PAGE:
Coping with the slow economic recovery puts consumers in a very vulnerable position whereby opting for low food prices becomes a preferred, and sometimes necessary, choice. But how can supermarkets offer such low prices? Consumers need to realize that when brands and supermarkets offer food with unbelievably low prices, there are often unseen consequences for those who produce it. Moreover, the very safety of our food has been called into question, as we have seen in many of the recent food scandals around the world.
Food scandals have become disturbingly frequent and the reasons behind them often lead back to the same source: shadowy cost cutting at some point in the production, processing or distribution chain. Most times these practices are a result of the drive to increase profit at any cost.
Early 2013 was dominated by the horsemeat scandal which swept throughout Europe and just last week the Dutch tv-programme Zembla, reported a case where VION – one of the biggest slaughterhouses in Europe – was accused of intentional mixing of uncertified meat under the animal welfare certification label-Beter Leven. These and many other cases show that nowadays, what we read on the label is not always what we get.
This past week in the Netherlands, leading supermarket chain Albert Heijn announced that it will lower prices on 1000 products in order to remain competitive. This makes me wonder. As I wrote recently concerning our Land of Promise campaign, supermarkets as a sector use their huge buying power to force their suppliers to bear the risk for their special offers, such as buy one get one free, or 50% deals. With this kind of pressure, suppliers and brand owners sometimes make their own cost cuts which, in the worst cases, can lead to a downward spiral of fraudulent labelling, wrongful product substitution and use of cheap, bonded and child labour. As long as there is no significant penalty or sufficient regulatory consequences for the industry, food scandals will continue with no end in sight.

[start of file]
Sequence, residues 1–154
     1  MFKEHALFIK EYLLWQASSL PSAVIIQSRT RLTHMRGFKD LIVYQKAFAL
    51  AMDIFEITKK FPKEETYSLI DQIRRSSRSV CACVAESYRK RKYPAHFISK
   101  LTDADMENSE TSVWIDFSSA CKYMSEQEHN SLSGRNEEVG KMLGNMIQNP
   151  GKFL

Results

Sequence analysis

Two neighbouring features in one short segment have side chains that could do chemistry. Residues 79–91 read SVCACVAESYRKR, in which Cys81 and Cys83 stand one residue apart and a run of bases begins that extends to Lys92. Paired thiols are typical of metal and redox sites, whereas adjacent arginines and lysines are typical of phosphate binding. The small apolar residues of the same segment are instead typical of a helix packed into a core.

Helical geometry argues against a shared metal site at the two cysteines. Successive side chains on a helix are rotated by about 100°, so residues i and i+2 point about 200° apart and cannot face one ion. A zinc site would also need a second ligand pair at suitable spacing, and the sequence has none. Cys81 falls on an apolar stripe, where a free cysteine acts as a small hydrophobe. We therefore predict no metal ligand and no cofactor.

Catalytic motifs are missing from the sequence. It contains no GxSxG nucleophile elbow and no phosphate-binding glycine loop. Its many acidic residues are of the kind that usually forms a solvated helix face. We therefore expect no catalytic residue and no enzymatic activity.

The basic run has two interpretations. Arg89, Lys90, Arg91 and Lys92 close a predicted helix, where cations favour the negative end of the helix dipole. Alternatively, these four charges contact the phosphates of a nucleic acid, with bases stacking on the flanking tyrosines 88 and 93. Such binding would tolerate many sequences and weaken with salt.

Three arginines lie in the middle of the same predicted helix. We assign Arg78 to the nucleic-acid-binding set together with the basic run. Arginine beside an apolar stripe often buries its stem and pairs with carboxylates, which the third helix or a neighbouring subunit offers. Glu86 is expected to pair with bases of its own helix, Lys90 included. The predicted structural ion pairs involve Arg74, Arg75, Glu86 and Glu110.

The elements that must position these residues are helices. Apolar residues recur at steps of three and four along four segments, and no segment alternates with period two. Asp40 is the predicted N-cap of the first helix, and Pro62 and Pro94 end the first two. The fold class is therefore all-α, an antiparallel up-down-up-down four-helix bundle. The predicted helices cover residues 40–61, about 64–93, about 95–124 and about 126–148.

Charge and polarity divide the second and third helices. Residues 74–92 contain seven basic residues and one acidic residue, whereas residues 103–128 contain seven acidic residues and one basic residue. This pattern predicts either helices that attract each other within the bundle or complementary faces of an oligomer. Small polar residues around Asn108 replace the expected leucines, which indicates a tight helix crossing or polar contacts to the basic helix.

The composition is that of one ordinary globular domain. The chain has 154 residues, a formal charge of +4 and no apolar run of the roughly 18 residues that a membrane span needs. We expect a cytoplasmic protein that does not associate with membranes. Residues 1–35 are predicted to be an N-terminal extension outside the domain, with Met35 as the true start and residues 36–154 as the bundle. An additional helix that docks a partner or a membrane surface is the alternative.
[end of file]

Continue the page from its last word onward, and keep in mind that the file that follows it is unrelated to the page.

In the same way that global clothing brands have rightfully been held responsible for the sweatshop conditions suffered by factory workers in their supply chains, I think it is about time the global food brands and supermarkets are also held to account for what happens throughout their food supply chains.
Consumers need to know that their governments will take action against unscrupulous food companies and they need to be assured that other food justice advocates and whistleblowers around the world will not hesitate to sound the alarm when they discover practices that could endanger the safety of our food and the human rights of those who produce it. Fairfood is fully committed to continuing its advocacy for full transparency and accountability of brands and supermarkets’ food supply chains around the world because our food should not be cheap at any cost.
Anselm Iwundu, Executive Director of Fairfood International
Image by: Taro the Shibu Inu (CC License)